“That mindset is embedded in the minds of many Muslims in Egypt. When we talk about extremist Muslims in particular, they are the ones who want to clearly stand against Christians, to treat them badly, or even in many cases to attack them violently because of them being Christians.

“Since I was a child I have bared a lot of experiences where I was not violently attacked but I have definitely been discriminated against. My wife, my father, my mother, because of that radical mentality.”
He said Christians were shocked by the increase in violence but remained hopeful - despite the bloodshed and fear.
He said: “It is an interesting phenomena. Churches are completely packed with Christians, even when we are not sure what can happen. We just celebrated another Eastern Christmas, it was very joyful celebrating Christmas.”
“Even mothers coming on television testifying how they are sad for their daughters or sons to have been killed but they pray for the attackers. It is mind blowing.”

Two street preachers are targeted, confronted and eventually arrested by transit officers who insist that they stop talking about their Christian beliefs without getting the agency’s permission first, and the courts say that’s all right.
But the Rutherford Institute thinks otherwise, and that’s why it’s seeking a rehearing before the entire 3rd Circuit Court of Appeals in a First Amendment case involving preachers Don Karns and Robert Parker.
A panel of the appeals court previously ruled that the two transit officers, Kathleen Shanahan and Sandra McKeon Crowe, were justified in ordering the preachers to be quiet, grilling them over their activities, and then arresting and charging them – all because they were sharing their beliefs in a public location.

“This case sheds light on a disconcerting bureaucratic mindset that wants us to believe that the government has the power to both bestow rights on the citizenry and withdraw those rights when it becomes necessary, whether it’s the right to proselytize on a train platform, the right to address one’s representatives at a city council meeting, or the right to be free from unreasonable searches and seizures,” said constitutional attorney John W. Whitehead, president of the Rutherford Institute.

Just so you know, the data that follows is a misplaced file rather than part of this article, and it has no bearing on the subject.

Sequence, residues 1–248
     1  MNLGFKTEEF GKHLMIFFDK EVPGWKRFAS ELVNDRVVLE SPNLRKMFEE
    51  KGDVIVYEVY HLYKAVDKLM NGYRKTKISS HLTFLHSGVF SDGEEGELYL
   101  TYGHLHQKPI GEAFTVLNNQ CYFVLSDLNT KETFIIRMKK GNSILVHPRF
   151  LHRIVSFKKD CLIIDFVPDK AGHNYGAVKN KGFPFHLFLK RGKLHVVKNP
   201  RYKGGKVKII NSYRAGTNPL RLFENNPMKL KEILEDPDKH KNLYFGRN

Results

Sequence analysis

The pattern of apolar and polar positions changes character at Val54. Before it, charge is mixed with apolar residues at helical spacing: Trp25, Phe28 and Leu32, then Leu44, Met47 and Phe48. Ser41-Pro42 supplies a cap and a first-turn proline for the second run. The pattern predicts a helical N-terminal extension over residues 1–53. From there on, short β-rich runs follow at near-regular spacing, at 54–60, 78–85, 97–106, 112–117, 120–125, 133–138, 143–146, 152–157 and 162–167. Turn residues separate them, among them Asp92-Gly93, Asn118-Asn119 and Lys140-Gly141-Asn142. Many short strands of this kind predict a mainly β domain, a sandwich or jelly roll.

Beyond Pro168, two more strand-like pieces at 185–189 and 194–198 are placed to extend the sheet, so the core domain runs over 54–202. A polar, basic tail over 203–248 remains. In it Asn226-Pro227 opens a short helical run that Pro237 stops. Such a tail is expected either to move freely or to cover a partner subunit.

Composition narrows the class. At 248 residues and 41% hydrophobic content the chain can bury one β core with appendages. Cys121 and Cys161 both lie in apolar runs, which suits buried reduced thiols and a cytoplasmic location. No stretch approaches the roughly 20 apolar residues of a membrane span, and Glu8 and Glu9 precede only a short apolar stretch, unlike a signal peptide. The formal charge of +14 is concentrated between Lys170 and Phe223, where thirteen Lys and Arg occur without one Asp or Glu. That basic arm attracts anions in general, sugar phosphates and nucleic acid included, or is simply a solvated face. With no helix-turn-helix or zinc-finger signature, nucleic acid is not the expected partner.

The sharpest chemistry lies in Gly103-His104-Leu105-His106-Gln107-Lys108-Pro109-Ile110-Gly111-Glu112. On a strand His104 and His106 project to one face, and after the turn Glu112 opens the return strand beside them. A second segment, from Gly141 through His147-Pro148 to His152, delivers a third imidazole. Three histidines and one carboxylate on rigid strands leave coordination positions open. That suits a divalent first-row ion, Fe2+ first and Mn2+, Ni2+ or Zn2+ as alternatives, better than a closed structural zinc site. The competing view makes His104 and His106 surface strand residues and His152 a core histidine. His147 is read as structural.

“Yet those who founded this country believed that our rights are unalienable, meaning that no man or government can take them away from us. Thus, the problem in this case is not the absence of any specific law allowing free speech on the train platform. Rather, the problem is government officials who have forgotten that they work for us and their primary purpose is to safeguard our rights.”

Rutherford is seeking a rehearing in the case that erupted when Karns and Parker were preaching at a Princeton, New Jersey, train station.
They were charged with trespass and obstruction of justice but eventually cleared of the charges.
They then sued the New Jersey Transit Corp. and the officers over the demand that they “obtain a permit” to talk, non-commercially, with others at the public station.

Gunman kills five at Russian church service

Five women have been killed while leaving a church service in southern Russia, media in the country is reporting. 
Another five people were wounded during the shooting at the Orthodox Christian house of worship.
Tass news agency said the slaughter occurred outside a church in the town of Kizlyar in Dagestan. 
The gunman shouted 'Allahu Akbar' during the shooting, according to an Orthodox priest.

The agency cited Mayor Alexander Shuvalov as the source for the number of people killed and wounded.
A police source told Tass: 'The shooter was gunned down.'  
The assailant was identified as a 22-year-old man local to the region, the TASS news agency said, citing the investigative committee. He has been reported dead. 
He was shot and killed by security services who were on duty nearby, TASS said, adding that a hunting rifle, bullets and a knife were discovered on his person. 
'An unknown man opened fire with a hunting rifle in Kizlyar, fatally wounding four women,' the regional internal affairs ministry said in a statement.
A fifth woman died of her injuries in hospital, health ministry spokeswoman Zalina Mourtazalieva told TASS news agency. 
Russian news agencies said the attack occurred as churchgoers celebrated Maslenitsa, a Christian holiday marking the last day before Lent according to the eastern Orthodox calendar.